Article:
Monthly Archives: November 2012

Lamborghini debuts drop top Aventador Roadster

(Credit: Automobili Lamborghini S.p.A.)

My favorite model in Lamborghini’s lineup has for many years been the Gallardo, but the flagship Aventador is unquestionably the most powerful. With today’s unveiling of a Roadster version, the Aventador also gets an injection of style.

Lamborghini Aventador Roadster: Italian model drops its top (pictures)

1-2 of 11 Scroll Left Scroll Right

Rather than a power retractable roof, the Aventador LP 700-4 Roadster features a two-panel carbon fiber roof that is manually removed … [Read more]


Car Tech: An automotive blog from CNET

GPS buying guide

(Credit: Antuan Goodwin/CNET)

I get it. Portable navigation devices (PNDs) are a bit archaic at this point. In a world where every smartphone and tablet has some sort of GPS receiver built into it and most cars offer some sort of navigation option, buying a standalone GPS navigator seems both superfluous and archaic.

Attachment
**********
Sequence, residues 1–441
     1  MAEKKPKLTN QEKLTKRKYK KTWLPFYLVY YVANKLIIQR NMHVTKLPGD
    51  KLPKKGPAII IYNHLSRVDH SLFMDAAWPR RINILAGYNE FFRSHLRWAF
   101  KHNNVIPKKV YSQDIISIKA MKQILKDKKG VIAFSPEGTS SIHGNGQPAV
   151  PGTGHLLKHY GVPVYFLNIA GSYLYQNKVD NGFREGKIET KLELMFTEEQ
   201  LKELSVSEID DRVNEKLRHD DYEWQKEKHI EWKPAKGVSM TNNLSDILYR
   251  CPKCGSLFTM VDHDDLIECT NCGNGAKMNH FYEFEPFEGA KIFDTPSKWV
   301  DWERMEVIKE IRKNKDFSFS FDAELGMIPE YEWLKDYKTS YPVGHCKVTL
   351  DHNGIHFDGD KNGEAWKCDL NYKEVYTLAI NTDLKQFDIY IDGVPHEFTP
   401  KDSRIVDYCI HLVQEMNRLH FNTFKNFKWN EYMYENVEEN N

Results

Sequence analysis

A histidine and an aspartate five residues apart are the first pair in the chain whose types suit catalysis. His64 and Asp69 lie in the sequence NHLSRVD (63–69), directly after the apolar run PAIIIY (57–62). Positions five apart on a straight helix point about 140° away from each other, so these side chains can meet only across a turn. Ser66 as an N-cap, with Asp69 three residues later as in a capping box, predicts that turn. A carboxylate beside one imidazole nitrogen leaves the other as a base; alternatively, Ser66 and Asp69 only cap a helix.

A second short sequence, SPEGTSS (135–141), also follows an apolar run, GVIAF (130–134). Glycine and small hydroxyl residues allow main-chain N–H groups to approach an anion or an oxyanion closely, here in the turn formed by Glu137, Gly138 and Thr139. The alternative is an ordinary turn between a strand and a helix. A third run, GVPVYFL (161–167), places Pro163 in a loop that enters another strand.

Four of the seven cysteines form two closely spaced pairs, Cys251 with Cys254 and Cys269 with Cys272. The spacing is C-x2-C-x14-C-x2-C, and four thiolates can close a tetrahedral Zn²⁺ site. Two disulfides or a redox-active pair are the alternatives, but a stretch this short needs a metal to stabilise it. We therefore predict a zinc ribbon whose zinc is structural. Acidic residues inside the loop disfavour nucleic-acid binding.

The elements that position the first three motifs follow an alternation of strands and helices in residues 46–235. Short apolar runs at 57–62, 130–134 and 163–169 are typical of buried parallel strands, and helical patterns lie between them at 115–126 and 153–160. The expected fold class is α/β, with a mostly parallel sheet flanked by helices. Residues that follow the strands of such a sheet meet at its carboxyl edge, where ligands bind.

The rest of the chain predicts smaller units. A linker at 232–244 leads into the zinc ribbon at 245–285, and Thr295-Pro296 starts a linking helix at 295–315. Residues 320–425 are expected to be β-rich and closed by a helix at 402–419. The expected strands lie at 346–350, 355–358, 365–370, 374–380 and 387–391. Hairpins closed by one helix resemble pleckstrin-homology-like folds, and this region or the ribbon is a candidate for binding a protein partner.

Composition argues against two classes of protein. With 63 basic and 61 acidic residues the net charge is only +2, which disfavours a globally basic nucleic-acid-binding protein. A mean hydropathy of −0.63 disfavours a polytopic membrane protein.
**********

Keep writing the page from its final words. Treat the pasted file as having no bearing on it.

Yet, the PND market is far from dead. There are still a number of good reasons to choose a standalone GPS device. So if you’re interested, here are our top picks.

Garmin Nuvi 3490 LMT

(Credit: Josh Miller/CNET)

The Garmin Nuvi 3490 is the flagship of Garmin’s line of GPS navigators, featuring an ultra-thin form factor, great voice command, and a crisp 4.3-inch color touch screen. Opt for the LMT version and you’ll also get lifetime map and traffic data updates. This unit debuted at a lofty $ 399 MSRP, but it’s not difficult to find it for as low as $ 299 to $ 349 these days.

TomTom 2535

(Credit: Josh Miller/CNET)

TomTom’s 2535 isn’t as thin as the Garmin 3490, but it does pack a larger 5-inch screen. For your $ 299, you can get the 2535 M Live, which features TomTom’s Live … [Read more]


Car Tech: An automotive blog from CNET